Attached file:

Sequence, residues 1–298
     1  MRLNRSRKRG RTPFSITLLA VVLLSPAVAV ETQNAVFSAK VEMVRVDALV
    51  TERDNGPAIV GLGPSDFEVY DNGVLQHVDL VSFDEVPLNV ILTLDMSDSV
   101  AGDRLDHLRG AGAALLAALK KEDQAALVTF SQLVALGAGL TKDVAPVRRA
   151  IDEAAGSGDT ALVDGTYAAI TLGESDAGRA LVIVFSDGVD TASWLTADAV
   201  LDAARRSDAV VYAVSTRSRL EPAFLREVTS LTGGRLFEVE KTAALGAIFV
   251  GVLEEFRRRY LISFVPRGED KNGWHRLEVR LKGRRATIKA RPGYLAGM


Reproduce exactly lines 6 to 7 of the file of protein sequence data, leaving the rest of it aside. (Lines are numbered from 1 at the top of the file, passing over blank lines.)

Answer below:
   201  LDAARRSDAV VYAVSTRSRL EPAFLREVTS LTGGRLFEVE KTAALGAIFV
   251  GVLEEFRRRY LISFVPRGED KNGWHRLEVR LKGRRATIKA RPGYLAGM